On a smaller campus, and one where new construction is relatively rare, the two tower cranes have received a lot of attention from students and faculty. They stand high above the mature trees in this pastoral setting. The student newspaper, the Kenyon Collegian, also took notice that two operators on the job are women and ran a feature article on the subject.
It wasn’t planned that women would be working the cranes, although Christina Easton and Wendy Stone are both highly respected operators, Kirk said.
“It was the luck of the draw,” said Kirk. “It was an assignment like any other job. Individually, Christina and Wendy are accomplished in the field. We get requests for both of them from big-time contractors in the area.”
The project area is on the west side of the campus, between the art history and museum gallery building and the studio arts building. The former library, which had aged out of usefulness and would have required $18 million in repairs, was demolished to make way for the new project. Construction began in the spring and is expected to be completed by fall of 2020.
Other cranes go to school
Construction in higher education has been on the upswing in recent years, as colleges and universities fight for student share in an increasingly competitive market.
It makes sense they would focus on new facilities, as more than two-thirds of students indicate the condition and modernity of campus buildings plays a role in the institution they choose.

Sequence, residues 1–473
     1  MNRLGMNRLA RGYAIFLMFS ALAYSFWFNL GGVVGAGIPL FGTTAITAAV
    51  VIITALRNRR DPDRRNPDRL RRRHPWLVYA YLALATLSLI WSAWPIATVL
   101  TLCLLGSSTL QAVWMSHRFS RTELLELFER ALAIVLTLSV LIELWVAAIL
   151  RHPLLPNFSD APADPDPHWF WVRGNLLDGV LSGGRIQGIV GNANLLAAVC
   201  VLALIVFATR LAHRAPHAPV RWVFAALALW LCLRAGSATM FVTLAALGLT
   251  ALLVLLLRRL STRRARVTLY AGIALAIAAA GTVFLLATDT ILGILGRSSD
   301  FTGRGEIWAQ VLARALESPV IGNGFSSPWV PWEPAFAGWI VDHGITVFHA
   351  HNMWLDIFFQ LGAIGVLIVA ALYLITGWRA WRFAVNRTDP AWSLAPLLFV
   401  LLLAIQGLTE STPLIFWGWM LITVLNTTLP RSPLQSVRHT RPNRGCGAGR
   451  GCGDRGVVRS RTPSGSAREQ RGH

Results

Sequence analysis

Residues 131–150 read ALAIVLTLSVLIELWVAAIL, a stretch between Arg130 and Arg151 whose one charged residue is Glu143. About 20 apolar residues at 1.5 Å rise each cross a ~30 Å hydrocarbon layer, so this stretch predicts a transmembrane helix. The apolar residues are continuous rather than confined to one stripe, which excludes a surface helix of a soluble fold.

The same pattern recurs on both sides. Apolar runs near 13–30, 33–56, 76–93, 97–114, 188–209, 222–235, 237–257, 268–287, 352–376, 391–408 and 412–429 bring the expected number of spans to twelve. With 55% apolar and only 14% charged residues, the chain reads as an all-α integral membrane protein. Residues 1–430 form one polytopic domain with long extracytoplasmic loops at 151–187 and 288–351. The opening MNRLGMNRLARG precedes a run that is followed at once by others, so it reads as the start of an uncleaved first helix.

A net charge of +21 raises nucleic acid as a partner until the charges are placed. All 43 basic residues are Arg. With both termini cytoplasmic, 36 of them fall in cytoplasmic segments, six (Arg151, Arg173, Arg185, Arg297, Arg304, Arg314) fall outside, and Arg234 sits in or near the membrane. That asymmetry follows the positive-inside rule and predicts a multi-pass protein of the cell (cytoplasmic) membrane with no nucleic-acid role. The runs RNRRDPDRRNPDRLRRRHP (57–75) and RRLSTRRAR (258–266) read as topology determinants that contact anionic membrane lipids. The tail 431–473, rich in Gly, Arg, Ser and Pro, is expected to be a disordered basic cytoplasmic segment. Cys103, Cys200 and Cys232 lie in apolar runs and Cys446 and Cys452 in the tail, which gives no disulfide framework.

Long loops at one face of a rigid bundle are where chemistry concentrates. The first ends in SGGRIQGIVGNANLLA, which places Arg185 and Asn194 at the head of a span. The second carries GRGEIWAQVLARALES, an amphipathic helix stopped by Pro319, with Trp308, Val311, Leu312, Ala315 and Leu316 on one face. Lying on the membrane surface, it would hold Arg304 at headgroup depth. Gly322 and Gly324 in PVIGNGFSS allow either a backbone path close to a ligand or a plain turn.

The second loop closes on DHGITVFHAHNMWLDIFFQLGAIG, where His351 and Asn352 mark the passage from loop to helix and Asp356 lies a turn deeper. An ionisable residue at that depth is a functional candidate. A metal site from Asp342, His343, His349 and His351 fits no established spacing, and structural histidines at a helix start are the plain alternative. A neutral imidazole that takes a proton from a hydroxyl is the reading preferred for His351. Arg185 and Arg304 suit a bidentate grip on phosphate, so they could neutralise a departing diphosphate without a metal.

With nearly a dozen tower cranes dedicated to education-related construction, projects tied to education currently account for ALL Crane’s second-largest allocation of tower cranes, behind only commercial/residential construction.
“It has doubled from last year’s pace,” said Sam Moyer, general manager of ALL Tower Crane. Case in point: the construction of a $129 million, 228,000 square-foot engineering services building at the University of Tennessee in Knoxville. The instruction and research facility will house the nuclear engineering department and professional research laboratories. But this high-profile job just scratches the surface.
ALL Crane is also helping to construct a new six-story optometry building at Ohio State University, the 10-story Rubenstein Forum at the University of Chicago, and a new campus building at Loyola University. Other tower crane-related projects include several student housing projects adjacent to college campuses. These include the University of Tennessee again; the seven-story, 55-unit Pugh Center at Penn State; and a 221-unit, 600-bed facility near Auburn University in Alabama, known as Auburn Uncommon, that includes a 600-car subterranean parking garage.
“In addition to wanting state-of-the art campus facilities, today’s college students want the places they live to have something extra,” said Moyer. “Dorms are changing to more of a group atmosphere, and apartments have more amenities than we might have previously expected from housing geared toward students.”